Positive versus negative sensory stimuli—a deep dive

Colours, lighting design and textural elements are all design considerations that stimulate our brains. For the purpose of a mindful space, this stimulus can be for the better, or for the worse. 

Research across childcare, healthcare and learning psychology, however, all land on the same conclusion—the more natural, the better. 

Positive 

To promote calm and facilitate focus, a mindful space should incorporate:

  • Softer, natural colour tones

Natural colour palettes are linked to improved mental wellbeing and have been found to have therepeutic impacts on the brain

Colour palettes incorporating cooler tones in particular have been found to promote higher levels of calm1. Lighter green and blue tones, for example, have been found to be particularly effective in environments dedicated to younger people, such as kindergartens and primary schools2

  • Natural or warmer lighting

A space’s lighting design should complement the colour palette chosen for the space. Hence, when designing a mindful space, you should prioritise high quality, lighter hues, paired with access to natural lighting sources, like windows.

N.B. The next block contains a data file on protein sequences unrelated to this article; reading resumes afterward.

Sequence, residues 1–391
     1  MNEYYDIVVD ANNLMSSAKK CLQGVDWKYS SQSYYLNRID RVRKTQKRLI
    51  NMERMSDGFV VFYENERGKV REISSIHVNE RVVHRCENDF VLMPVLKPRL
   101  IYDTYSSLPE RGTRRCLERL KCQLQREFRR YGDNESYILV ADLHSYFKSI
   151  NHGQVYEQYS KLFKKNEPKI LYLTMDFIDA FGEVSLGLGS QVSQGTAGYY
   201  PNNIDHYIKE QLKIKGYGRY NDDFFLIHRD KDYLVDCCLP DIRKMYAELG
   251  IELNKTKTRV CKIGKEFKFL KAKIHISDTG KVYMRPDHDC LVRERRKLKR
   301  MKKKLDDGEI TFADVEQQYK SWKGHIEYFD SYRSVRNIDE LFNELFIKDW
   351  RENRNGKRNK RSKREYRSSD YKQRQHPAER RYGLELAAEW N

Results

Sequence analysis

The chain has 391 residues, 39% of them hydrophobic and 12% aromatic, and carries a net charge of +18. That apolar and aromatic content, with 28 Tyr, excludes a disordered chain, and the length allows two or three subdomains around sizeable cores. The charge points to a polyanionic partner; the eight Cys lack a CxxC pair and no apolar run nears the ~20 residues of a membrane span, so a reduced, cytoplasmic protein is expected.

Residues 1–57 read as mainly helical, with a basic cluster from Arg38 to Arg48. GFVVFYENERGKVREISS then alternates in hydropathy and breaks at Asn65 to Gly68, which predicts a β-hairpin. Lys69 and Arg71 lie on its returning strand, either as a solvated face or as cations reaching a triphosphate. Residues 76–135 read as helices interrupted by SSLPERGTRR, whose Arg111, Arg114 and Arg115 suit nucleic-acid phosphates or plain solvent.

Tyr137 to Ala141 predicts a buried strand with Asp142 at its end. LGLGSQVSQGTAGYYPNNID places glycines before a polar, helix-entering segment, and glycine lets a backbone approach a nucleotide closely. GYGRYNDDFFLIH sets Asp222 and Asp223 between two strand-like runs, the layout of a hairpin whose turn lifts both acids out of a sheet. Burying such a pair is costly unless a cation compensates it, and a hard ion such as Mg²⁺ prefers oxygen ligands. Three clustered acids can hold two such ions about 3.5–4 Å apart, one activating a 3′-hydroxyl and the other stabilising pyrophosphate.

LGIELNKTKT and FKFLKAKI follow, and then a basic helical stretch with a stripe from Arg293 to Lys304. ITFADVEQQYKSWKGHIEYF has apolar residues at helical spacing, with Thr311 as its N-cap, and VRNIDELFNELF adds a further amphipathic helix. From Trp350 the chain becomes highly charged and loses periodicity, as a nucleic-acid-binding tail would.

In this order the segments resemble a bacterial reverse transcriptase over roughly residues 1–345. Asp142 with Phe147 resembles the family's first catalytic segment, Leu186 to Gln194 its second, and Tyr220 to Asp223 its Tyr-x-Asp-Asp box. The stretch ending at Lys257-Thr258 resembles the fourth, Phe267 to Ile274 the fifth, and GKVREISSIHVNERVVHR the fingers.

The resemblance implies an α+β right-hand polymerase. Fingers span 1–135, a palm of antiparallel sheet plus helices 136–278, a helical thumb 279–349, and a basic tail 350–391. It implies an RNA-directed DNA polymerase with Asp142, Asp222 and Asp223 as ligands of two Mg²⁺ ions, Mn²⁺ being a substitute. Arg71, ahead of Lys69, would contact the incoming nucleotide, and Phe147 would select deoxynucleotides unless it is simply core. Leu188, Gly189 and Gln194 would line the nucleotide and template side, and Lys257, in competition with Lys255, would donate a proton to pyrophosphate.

Negative 

Just as there are positive environmental stimuli, there are also design elements that can be disruptive or even detrimental to your students’ ability to focus and learn—particularly if experienced in your dedicated mindful space.

  • Bright, clashing colours

    We often find spaces for children are loudly colourful and full of patterns and textures. Although fun for playing environments, these design elements can actually cause sensory overload in students.

    Clashing colours and patterns make it difficult for students to focus and reach a state of calm. In particular, the colour red has been linked to impaired cognitive performance, due to its ability to excite the motor function in our brains.  
  • Unnatural, harsh lighting

Harsher fluorescent lighting can cause over stimulation in students. Over time, this can cause irritability, lack of focus and disrupted behavioural patterns.

  • Inadequate use of space

Similar to the effects of harsher colours and lighting, overcrowding a space with too many tools, toys and objects can cause over stimulation in a mindful space. Over-clutter can make the space feel small and constricting for students. 

 

How to create a physical space that promotes wellbeing and focus

Creating a space dedicated to mindfulness and wellbeing doesn’t have to be an overwhelming project. In collaboration with Dulux, Smiling Mind has created a toolkit to help you create the perfect mindful space for students.

Download the Free Smiling Mind Spaces Toolkit Here are some actionable steps that will help you to implement the recommendations in the toolkit.

 

1. Establish the function of your new space